Granite architecture develops in both sides of the Pyrenees: la Seu d’Urgell, Ax-les-Thermes, Núria and la Molina, but its full splendour takes place in Andorra. This type of architecture reflects the social and economic transformations undergone by the Principality from the 1930s onwards as its rural society transitioned into an urban one.
The socio-political situation in Catalonia from the 1930s onwards led many Catalan architects to work in Andorra, where they left their mark through granite architecture. These architects include Celestí Gusí, Josep Puig i Cadafalch (Casa Lacruz in Escaldes-Engordany), Adolf Florensa and Xavier Pla (he was from Andorra but studied in Catalonia).
Noucentisme becomes rural in Andorra, and granite becomes the main material to create a mountain style, although there is a move away from traditional constructions. In this style, granite is not just a simple construction material but also a decoration. Granite is used to create shapes and decorative elements to confer character to the façade, in a perpetual search for symmetry. Construction is rationalised, the first blueprints are drawn and the old master builder gives way to the architect and the contractor.
A new type of elite tourism is developed in the early 20th century, in love with nature and thermal water springs. The first spa resorts and luxury hotels, designed to suit the exquisite tastes of these 20th-century visitors, were created in Andorra. Among them, there is the Hotel Valira (Escaldes-Engordany), designed by Celestí Gusí, a follower of Puig i Cadafalch, and the majestic Hotel Rosaleda in Encamp, designed by Adolf Florensa. Other buildings are built for other purposes, such as the hydroelectric plant of FHASA (currently FEDA), the Radio Andorra station (Encamp), and schools such as the old Col·legi Meritxell (Escaldes-Engordany).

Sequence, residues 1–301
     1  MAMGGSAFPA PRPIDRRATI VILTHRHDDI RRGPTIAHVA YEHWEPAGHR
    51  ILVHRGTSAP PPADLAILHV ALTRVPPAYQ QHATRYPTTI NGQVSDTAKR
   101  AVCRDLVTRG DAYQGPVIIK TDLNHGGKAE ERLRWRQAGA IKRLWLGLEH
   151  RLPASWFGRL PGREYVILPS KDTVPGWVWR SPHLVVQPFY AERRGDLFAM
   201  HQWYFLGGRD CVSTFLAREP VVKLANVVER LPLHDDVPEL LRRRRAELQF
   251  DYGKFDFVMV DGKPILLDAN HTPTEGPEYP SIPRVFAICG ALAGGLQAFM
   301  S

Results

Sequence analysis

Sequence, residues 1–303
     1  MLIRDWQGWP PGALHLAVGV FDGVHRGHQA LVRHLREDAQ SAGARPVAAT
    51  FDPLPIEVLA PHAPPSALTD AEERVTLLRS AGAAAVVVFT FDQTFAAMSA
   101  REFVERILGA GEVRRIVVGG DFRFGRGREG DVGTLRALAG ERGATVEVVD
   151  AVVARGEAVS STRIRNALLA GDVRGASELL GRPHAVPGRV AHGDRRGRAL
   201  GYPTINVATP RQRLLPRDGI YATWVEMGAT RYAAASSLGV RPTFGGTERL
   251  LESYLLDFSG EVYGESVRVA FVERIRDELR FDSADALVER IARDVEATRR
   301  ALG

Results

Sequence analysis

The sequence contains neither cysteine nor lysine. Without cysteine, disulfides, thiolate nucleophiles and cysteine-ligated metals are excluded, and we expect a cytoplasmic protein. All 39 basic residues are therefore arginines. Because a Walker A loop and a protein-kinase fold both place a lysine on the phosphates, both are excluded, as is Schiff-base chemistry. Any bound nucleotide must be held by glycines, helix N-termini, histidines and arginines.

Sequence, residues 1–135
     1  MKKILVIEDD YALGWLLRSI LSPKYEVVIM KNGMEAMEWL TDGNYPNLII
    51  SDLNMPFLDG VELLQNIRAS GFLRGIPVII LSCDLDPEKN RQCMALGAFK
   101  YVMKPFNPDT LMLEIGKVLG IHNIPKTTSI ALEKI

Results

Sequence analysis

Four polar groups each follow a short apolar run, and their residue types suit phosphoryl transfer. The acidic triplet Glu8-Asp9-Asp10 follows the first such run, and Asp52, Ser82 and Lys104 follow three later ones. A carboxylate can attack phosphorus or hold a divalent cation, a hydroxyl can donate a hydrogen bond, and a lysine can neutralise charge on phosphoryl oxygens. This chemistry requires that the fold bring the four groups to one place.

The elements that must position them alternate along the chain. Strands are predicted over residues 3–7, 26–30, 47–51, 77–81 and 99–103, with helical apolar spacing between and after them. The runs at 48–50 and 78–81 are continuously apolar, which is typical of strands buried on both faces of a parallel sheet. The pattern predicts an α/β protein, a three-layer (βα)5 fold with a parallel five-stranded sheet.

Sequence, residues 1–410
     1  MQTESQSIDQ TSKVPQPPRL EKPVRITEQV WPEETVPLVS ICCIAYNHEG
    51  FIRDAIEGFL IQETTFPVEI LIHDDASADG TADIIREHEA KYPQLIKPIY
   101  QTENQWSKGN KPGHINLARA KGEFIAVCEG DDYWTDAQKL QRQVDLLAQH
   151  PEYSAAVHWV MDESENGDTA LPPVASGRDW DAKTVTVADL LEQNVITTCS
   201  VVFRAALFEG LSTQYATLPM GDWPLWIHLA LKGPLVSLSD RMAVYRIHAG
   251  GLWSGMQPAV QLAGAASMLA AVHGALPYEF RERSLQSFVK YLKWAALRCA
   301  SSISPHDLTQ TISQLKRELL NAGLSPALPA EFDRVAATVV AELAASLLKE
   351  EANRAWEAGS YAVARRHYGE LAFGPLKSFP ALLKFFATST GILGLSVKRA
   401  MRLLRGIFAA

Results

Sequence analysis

Elements of the itinerary
This multifamily building, which contains various business premises in its ground floor, is located at the centre of the town of Sant Julià de Lòria. It was built in 1950, as indicated by the keystone in the arch of the entrance door, along with the initials RB, which correspond to the promoter of the building.
The main façade, which faces west, is covered with granite blocks, generally cut in the shape of honeycombs, although this disposition is not so clear in some areas, as the blocks are rather uneven. Nevertheless, the blocks are clean-cut in the angles and around the windows, as is customary. The composition of the façades is rather symmetrical, and they include many windows, among which the ones on the final floor, made with bricks. The lintels are made with voussoirs, and the only semi-circular arch is located atop the entrance door. The contrast between granite and bricks on the main façade is interesting.
Murals de ceràmica i estuc esgrafiat